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Sunday, July 9, 2017

Investors Need to Do Homework

This week's Barron's (page L6) has an Oppenheimer ad featuring revenue weighted etfs. The ad implies that cap weighted etfs are out of date and weighting holdings by other measures are more sophisticated. They present revenue weighted efts. They say that weighting by revenue is "the smarter way to weight the index".

One example they give has the ticker symbol RWL.

They provide a website to provide info:

Oppenheimer Revenue Weighted ETFs

Click on this page and scroll down to come to "LargeCapRevenueETF" and click on it to get performance on RWL:

What do you think when you see this little table? You may think that the ETF, RWL, matches the market but this isn't the case. These are returns based on net asset values and market prices of the ETF, which over the longer term will be close as they are in the Table.

What is really of interest is how performance has been versus the old stodgy market cap weighted S&P 500. To get that you have to click the "Performance History..." link below the Table.

This tells an interesting story as shown below:

Note the 3 year average annualized return of 9.61% on the cap weighted S&P versus the 8.31% on the touted  "sophisticated" RWL.

The longer term 5 year superior results of 15.04% versus 14.63% on the S&P 500 indicate that RWL got off to a great start. Many times investors chase the hottest concept and then run into a brick wall. For those who jumped in 3 years ago this was the case.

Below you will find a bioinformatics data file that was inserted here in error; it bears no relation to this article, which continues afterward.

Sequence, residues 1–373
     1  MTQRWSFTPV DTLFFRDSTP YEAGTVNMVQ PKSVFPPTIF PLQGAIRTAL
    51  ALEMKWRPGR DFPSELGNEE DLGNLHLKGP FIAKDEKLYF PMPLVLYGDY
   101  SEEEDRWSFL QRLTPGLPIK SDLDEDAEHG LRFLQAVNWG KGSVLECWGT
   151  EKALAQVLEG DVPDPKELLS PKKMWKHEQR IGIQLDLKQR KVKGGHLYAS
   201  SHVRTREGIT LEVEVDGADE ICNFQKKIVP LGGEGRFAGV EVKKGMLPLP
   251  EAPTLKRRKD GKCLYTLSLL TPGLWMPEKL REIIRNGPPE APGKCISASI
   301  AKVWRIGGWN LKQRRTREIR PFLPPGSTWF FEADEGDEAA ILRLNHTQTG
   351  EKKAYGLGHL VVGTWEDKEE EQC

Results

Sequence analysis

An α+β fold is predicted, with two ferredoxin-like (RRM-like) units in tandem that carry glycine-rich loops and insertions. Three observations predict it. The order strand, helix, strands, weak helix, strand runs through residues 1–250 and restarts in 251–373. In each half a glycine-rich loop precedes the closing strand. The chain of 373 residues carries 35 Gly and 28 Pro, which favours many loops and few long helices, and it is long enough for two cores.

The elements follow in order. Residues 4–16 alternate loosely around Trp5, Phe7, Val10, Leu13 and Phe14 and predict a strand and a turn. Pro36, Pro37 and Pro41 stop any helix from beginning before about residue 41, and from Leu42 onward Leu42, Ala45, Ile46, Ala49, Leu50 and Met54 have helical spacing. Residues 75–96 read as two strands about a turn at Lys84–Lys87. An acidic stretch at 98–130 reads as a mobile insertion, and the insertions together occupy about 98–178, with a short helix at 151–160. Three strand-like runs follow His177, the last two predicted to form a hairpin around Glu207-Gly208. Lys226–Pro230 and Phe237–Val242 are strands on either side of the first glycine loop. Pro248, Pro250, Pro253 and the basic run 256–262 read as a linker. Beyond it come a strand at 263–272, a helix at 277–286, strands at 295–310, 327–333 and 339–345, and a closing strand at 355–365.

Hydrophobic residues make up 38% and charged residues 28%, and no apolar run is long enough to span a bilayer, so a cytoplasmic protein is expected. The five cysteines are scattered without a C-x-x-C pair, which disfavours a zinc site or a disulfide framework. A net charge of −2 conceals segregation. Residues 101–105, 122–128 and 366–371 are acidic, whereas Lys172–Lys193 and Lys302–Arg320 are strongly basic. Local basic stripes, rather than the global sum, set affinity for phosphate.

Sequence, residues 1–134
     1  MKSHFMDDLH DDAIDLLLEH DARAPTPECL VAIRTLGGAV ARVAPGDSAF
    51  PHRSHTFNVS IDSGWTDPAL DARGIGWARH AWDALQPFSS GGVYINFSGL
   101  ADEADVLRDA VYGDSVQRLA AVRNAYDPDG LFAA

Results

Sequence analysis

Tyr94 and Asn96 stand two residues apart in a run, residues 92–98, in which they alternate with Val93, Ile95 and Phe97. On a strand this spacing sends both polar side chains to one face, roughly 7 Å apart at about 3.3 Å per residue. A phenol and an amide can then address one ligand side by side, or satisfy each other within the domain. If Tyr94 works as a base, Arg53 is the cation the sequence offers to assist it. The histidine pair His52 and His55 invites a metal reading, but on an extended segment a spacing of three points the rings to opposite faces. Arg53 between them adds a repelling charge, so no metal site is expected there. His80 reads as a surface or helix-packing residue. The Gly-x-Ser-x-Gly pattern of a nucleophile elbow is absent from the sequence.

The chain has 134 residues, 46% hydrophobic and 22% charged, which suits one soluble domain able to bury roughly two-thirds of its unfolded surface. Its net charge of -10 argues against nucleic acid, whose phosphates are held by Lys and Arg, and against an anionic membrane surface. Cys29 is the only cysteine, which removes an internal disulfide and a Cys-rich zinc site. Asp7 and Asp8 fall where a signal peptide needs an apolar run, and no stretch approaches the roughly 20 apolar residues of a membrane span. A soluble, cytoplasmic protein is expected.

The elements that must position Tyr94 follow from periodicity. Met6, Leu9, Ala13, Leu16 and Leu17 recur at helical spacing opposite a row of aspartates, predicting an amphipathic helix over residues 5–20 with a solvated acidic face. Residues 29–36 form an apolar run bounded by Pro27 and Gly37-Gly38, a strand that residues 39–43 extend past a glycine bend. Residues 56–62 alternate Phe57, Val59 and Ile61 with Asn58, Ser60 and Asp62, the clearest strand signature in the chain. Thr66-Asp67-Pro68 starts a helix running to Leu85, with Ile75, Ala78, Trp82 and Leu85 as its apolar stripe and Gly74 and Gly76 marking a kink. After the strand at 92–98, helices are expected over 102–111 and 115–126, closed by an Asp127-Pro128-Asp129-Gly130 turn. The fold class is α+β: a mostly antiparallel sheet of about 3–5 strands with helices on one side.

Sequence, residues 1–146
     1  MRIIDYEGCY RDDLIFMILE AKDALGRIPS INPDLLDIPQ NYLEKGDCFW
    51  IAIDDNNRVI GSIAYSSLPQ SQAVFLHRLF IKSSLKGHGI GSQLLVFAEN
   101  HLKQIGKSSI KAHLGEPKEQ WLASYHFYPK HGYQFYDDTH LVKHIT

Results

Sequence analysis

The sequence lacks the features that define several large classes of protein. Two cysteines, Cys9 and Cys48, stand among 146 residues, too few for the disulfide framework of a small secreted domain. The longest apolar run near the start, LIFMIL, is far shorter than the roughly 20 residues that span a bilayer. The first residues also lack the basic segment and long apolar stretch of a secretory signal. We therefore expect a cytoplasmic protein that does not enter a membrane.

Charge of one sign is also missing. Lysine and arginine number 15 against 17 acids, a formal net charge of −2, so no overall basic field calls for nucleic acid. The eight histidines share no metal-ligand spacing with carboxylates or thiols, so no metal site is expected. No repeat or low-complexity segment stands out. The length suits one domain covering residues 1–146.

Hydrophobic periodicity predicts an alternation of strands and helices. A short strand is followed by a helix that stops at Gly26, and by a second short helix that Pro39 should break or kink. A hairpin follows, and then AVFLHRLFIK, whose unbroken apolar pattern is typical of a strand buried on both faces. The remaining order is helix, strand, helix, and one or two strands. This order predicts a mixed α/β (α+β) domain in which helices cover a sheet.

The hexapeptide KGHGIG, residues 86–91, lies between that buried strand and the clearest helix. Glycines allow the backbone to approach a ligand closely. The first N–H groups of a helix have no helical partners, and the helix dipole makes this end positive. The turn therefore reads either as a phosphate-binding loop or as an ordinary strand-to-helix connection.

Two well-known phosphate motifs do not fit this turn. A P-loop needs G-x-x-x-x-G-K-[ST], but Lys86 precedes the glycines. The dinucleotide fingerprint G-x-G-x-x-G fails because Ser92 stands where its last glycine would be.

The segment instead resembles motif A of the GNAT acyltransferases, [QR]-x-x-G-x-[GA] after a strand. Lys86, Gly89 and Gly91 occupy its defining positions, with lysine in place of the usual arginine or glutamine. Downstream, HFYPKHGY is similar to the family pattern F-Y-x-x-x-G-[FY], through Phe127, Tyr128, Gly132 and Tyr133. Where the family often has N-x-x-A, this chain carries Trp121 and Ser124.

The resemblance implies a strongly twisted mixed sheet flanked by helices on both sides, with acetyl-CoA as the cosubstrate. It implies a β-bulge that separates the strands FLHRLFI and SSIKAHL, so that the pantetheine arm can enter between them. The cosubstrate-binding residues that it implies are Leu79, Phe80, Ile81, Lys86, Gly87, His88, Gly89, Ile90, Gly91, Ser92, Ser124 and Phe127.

Actually though many investors don't do their homework and are happy with their performance in an up market. In this case they be satisfied with 8.32% and not even realize they would have gotten 9.60% with a basic cap weighted index.

Choosing between these ETFs is challenging to say the least. I tend to stick with cap weighted as a personal choice. I just think the "disrupter" type of environment we are in at the present favors the larger companies. But frankly this could be changing as the rise in interest rates may be leading to a significant rotation.

The bottom line is that investors should dig in and do a bit of research to really understand their investment portfolio.

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